Hi! I’ve been off adventuring and finally found my way back to my computer. Last night was a first, even for me. My husband and I were among the few guests invited to view the new exhibition at The Frick Museum: Gold, Jasper, and Carnelian: Johann Christian Neuber at the Saxon Court. The show is on exhibition through August 19, 2012. We were standing in front Neuber’s most famous masterpiece: The Breteuil Table (pictured above). The table was presented in 1781 by Friedrich Augustus III to Louis Auguste de Breteuil, Baron de Breteuil (1730–1807), a French diplomat, as recognition for the role he had played in the negotiation of the Treaty of Teschen, which officially ended the War of Bavarian Succession. The Breteuil Table is regarded as one of the most extraordinary pieces of eighteenth-century furniture ever made, distinguished not only by the materials used in its construction: a mosaic of one-hundred-and-twenty-eight gemstones and Meissen porcelain plaques representing peace and honoring the diplomat whose efforts brought it about. The detail in the table is humbling; each gem specimen is numbered. Apparently, Neuber had handwritten books made to accompany his mosaics, detailing the gemstones he used to create them. He even had tiny books made for his mosaic snuff boxes — these boxes were his stock-in-trade, and often given as gifts of state. Two of these charming tiny books are also on display, together with their respective snuff boxes.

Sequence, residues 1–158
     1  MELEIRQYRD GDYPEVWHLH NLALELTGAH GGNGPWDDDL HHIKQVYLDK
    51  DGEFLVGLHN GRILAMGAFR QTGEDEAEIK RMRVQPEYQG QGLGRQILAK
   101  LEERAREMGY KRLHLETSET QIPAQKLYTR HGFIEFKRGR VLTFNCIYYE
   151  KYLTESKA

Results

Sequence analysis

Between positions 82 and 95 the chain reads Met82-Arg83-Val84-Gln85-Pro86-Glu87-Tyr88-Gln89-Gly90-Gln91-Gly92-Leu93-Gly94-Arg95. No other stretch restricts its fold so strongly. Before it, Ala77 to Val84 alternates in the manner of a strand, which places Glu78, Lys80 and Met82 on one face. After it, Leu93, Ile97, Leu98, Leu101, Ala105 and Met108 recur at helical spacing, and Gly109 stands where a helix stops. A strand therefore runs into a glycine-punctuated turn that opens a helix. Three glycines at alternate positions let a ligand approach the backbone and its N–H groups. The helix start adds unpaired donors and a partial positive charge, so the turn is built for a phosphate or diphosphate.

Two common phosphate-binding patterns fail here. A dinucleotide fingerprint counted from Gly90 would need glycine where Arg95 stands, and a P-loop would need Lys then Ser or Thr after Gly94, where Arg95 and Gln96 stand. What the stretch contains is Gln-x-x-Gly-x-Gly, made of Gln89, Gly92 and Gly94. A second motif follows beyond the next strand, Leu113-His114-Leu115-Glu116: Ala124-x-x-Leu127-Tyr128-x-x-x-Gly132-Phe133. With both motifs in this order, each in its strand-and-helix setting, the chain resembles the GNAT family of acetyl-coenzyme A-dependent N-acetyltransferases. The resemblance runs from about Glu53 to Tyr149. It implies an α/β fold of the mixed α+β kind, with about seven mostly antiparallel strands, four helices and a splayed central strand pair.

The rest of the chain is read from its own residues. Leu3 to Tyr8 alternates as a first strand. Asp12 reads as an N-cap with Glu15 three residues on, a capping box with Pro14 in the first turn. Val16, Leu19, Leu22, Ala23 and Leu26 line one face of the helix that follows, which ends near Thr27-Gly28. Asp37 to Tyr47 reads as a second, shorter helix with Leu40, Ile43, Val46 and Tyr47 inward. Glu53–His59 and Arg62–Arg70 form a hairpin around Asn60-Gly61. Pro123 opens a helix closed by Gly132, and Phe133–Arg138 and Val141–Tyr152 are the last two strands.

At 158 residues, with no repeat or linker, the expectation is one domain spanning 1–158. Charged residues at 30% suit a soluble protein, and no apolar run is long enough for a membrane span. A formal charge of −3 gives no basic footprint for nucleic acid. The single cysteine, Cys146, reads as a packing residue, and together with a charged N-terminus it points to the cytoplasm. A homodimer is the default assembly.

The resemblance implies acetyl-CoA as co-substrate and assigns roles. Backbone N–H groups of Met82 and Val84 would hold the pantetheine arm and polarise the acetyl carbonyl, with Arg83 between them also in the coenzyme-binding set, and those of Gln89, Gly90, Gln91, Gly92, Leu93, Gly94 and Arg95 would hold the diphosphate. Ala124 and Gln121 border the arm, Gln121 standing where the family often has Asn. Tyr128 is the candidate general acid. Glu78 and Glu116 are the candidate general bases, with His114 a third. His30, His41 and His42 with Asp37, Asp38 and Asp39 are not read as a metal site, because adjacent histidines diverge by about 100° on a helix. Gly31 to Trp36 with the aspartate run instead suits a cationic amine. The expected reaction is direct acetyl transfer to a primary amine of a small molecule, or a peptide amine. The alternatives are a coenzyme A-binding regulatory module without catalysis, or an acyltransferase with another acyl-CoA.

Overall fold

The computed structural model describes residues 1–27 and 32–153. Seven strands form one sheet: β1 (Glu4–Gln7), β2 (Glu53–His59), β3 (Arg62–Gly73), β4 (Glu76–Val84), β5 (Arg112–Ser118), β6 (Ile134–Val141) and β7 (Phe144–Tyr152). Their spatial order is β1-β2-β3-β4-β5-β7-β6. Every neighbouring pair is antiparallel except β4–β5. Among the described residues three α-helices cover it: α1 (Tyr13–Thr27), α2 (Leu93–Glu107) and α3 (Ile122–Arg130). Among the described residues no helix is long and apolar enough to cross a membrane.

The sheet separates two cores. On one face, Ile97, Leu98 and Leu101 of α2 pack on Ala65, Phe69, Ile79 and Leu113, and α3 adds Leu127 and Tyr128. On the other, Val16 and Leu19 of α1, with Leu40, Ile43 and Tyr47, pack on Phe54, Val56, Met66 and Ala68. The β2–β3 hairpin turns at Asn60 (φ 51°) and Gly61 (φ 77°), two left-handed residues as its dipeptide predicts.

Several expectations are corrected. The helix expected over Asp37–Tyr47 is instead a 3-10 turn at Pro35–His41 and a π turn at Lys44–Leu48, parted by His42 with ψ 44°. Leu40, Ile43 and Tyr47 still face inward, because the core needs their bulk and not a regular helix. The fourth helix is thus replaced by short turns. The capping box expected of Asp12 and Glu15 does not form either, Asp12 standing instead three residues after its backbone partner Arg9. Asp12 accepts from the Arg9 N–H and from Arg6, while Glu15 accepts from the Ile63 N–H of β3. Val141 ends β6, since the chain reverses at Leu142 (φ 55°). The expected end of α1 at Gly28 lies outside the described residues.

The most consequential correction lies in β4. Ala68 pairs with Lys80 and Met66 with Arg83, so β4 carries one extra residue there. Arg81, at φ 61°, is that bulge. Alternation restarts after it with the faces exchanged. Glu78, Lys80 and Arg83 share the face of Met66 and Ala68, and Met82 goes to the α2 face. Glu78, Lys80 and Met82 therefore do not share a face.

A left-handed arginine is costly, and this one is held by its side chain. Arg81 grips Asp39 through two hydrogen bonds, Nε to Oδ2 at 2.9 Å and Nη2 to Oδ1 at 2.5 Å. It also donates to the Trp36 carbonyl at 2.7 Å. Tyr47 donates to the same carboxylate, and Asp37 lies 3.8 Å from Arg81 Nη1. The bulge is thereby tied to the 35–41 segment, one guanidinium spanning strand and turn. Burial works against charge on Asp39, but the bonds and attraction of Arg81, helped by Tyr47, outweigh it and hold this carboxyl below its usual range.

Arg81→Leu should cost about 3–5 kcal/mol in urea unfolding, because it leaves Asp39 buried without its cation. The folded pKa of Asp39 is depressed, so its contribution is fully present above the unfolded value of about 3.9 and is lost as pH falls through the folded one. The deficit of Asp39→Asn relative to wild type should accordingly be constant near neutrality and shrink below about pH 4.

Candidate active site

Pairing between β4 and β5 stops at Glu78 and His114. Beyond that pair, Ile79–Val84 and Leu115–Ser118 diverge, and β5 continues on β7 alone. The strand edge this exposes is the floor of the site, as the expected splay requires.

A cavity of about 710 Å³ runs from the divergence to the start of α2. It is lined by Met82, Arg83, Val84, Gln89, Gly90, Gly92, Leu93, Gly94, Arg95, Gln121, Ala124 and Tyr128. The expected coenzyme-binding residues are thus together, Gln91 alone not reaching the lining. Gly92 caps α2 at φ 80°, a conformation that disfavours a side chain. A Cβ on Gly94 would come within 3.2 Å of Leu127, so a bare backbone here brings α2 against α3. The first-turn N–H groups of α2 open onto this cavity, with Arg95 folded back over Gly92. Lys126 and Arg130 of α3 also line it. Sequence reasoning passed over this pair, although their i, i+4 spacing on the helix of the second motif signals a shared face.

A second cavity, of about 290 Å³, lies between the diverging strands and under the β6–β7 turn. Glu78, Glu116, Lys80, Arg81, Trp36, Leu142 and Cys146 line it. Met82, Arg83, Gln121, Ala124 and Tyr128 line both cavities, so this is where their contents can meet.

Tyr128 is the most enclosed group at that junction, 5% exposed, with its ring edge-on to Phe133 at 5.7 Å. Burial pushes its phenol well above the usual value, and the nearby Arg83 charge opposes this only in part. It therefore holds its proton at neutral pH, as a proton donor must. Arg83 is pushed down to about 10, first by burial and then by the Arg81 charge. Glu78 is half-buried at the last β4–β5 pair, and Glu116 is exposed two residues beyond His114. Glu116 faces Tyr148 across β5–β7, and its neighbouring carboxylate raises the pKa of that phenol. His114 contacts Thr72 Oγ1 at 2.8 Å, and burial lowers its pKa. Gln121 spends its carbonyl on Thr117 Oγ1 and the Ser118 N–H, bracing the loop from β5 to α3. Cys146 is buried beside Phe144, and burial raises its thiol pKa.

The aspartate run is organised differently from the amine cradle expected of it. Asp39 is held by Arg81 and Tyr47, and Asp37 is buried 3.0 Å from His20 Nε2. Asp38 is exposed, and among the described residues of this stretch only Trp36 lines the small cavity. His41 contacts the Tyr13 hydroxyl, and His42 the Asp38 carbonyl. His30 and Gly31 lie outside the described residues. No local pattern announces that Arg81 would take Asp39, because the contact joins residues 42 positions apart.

Did I mention the Baron’s ancestor, the Marquise de Breteuil, was present last night? He was, and looked every bit as enthusiastic about sharing this remarkable family heirloom with New York City as we were in viewing it.
The table is in breathtaking condition and fascinating to explore (with one’s eyes, no touching allowed). The gems are used in a painterly way — their patterning is brilliant and offers a uniquely tactile quality. Mosaics come in only a few genres: micro-mosaics are achieved with tiny glass tesserae and pieta-dura is set with gemstones. Neuber’s art was worked in precious metal and locally obtained agates and gemstones. One of the information plaques in the show states that a tourist guide of Neuber’s time listed his workshop as a must-see. In 1769, Neuber became director of the Grünes Gewölbe, the magnificent State Treasury, and was appointed court jeweler in 1775.
There is a fascinating app for iPad that accompanies the exhibition, and please be sure to view it here as you get an intimate view of the Breteuil table top. The Frick Museum is a gem both inside and out, and this exhibition is unequivocally worth the trip (after you’ve finished seeing the show, head over to Serendipity on 60th and splurge some calories on one of their delicious sweets — that’s what we did).